One afternoon in late October “a merry core o’ randie gangrel bodies” convened with Charlie Milne QPM in the Grassmarket to be led on a tour of places in the capital associated with Burns’ various visits to Edinburgh.
Charlie commences his tour
Charlie’s extensive knowledge of both Burns and Edinburgh made for an interesting afternoon. From the Grassmarket we made our way into Victoria Street and onto the Lawnmarket where we were led down many closes into the little known back-courts of the Old Town.
Restored masonry work in the Old Town
Anchor Close – site of the office of William Creech, Burns’ publisher
Crossing over past St. Giles we descended to the Cowgate to visit St. Cecilia’s hall where Burns attended many recitals. The restored ceiling and collection of antique instruments made this a worthwhile stop on the tour.
Ceiling of St. Cecilia’s Hall
Towards the end of the tour we found ourselves in the Canongate Kirkyard surrounded by the ornate tombs of the great and guid of Auld Edinburgh
The spectacular skyline from the Canongate Kirkyard
The Royal High School and Nelson’s Monument on Calton Hill
Due to major restoration work we were unable to see the headstone on the grave of Robert Fergusson, paid for by Burns, but on a opposite wall the bronze plaque in memory of Agnes (Nancy) Maclehose still shows the profile of the woman that enchanted Burns and inspired one of his greatest songs.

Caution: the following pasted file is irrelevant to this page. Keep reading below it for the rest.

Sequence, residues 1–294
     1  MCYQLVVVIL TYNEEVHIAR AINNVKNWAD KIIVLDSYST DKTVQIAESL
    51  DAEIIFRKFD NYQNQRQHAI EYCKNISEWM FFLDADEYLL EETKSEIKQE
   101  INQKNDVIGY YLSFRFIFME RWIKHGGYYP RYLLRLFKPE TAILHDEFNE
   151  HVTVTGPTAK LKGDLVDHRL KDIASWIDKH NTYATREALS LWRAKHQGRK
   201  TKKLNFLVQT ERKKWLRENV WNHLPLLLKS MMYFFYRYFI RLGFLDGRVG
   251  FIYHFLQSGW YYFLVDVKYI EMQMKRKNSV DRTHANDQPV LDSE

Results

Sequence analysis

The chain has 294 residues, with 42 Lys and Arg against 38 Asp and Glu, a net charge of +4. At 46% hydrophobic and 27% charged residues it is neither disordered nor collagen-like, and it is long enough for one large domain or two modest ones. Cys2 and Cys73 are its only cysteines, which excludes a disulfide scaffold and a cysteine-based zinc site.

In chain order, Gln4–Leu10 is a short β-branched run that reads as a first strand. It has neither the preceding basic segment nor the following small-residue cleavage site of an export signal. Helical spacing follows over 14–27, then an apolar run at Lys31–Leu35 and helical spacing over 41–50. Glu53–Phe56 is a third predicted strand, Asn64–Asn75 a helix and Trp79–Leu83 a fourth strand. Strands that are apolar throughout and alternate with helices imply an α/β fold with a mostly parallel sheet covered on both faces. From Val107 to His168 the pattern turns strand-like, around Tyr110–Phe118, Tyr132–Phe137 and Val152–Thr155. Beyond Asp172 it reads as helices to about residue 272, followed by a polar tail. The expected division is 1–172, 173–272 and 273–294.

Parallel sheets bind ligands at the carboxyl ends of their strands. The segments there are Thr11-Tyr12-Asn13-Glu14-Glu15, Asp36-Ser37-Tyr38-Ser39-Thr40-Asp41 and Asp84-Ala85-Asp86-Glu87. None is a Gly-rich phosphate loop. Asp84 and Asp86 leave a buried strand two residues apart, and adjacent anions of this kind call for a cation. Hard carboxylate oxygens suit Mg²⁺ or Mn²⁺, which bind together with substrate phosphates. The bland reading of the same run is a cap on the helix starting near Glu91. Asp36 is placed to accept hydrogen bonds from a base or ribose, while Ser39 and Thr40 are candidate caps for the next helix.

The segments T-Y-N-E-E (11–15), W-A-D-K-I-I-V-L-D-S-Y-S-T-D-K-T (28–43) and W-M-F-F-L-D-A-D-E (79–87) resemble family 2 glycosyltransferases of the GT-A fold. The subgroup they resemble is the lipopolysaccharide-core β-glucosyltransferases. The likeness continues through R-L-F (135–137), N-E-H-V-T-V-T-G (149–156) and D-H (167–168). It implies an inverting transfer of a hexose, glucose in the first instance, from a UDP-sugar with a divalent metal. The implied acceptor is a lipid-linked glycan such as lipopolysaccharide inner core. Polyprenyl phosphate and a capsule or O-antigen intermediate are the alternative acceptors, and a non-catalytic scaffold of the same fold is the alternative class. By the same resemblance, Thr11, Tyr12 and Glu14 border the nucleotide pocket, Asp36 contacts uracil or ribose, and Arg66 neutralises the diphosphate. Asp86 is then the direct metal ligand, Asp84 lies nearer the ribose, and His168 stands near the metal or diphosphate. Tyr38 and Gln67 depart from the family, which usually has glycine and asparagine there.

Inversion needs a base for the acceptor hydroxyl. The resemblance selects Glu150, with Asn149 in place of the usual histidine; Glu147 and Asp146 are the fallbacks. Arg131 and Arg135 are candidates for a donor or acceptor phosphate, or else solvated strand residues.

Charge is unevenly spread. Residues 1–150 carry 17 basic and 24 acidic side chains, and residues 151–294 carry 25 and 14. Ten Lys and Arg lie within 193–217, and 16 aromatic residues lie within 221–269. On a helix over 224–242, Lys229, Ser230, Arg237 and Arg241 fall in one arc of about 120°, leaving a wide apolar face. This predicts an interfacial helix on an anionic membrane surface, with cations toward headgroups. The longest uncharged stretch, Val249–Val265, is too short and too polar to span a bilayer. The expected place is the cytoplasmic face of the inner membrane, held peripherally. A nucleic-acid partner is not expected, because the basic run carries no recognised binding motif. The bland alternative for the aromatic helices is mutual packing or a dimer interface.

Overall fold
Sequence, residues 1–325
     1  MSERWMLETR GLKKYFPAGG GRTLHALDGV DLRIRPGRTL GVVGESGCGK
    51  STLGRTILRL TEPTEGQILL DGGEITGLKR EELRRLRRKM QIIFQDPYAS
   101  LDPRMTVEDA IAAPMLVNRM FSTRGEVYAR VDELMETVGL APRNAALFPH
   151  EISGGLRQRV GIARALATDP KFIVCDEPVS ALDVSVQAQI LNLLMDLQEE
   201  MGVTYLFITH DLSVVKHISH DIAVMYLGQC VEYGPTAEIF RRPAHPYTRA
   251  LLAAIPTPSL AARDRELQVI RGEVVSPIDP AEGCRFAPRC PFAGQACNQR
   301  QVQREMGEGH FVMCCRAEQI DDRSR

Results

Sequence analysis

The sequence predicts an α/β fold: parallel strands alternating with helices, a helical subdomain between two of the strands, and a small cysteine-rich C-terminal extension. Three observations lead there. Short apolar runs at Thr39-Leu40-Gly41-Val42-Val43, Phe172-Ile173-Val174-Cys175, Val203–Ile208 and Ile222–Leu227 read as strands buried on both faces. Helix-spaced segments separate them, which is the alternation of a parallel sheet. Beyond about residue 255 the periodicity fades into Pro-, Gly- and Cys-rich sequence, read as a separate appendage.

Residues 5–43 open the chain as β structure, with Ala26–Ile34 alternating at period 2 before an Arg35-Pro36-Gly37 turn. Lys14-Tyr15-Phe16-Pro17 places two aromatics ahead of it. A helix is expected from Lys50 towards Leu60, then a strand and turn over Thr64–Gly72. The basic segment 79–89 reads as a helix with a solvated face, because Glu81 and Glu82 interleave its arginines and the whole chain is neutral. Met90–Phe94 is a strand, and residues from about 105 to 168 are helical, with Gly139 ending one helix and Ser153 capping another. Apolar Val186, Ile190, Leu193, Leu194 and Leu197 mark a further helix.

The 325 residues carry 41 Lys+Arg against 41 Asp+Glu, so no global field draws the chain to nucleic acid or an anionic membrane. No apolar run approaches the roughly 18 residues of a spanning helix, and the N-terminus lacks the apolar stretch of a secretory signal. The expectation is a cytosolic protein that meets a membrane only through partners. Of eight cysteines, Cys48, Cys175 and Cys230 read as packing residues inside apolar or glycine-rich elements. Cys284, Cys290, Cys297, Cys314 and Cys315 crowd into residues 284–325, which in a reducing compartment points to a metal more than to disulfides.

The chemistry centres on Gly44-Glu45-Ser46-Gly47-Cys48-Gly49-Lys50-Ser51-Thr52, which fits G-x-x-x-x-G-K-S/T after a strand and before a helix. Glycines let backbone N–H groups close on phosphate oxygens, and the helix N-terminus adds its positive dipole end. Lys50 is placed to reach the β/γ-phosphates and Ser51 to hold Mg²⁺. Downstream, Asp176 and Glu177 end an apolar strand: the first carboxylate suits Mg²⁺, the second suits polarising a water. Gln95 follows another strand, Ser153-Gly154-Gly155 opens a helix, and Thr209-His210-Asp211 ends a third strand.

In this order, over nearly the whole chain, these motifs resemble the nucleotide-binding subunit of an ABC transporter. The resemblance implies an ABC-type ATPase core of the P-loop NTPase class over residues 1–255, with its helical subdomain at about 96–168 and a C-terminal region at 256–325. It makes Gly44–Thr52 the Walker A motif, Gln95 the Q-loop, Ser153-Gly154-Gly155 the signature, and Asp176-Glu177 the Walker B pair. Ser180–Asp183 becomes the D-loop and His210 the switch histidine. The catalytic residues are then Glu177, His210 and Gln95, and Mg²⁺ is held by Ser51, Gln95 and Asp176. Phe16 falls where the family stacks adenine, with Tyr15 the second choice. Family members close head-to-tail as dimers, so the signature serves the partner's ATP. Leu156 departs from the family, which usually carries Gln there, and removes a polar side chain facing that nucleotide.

But to see her was to love her
Above on the skyline we could also see the Burns Monument, now fully restored. There are plans to replant the gardens around the monument with every plant and flower mentioned in the Bard’s works.
The Burns Monument of Regent Terrace
Charlie’s finally spent some time talking about on Robert Fergusson, this, aptly taking place beside the statue of the poet at the gate of the kirkyard. His death brought to a tragically premature end a short, but highly accomplished and extremely promising literary career. Fergusson’s poems were collected and published the year after his death and became an immediate success.
Many of Robert Burns’ poems were clearly inspired by Fergusson’s work and, when Burns visited Edinburgh in 1787, he paid for the erection of the headstone in the Kirkyard to the man he described as “Scotia’s Poet”. He also wrote the inscription, which reads:
No sculptur’d Marble here, nor pompous lay,
‘No storied Urn nor animated Bust;’
This simple stone directs pale SCOTIA’S way
To pour her sorrow o’er the POET’S dust.
A fine poet and songwriter with Robert Ferguson
As the day waned we made our way back up the Canongate, into Infirmary Street and closed our afternoon with a small libation taken in the Royal Oak.
Much discussion took place about the sights we had seen and a vote of thanks was proposed to Charlie Milne for his generosity in hosting the tour and for giving us the benefit of his encyclopaedic knowledge of Robert Burns’ time in Edinburgh.
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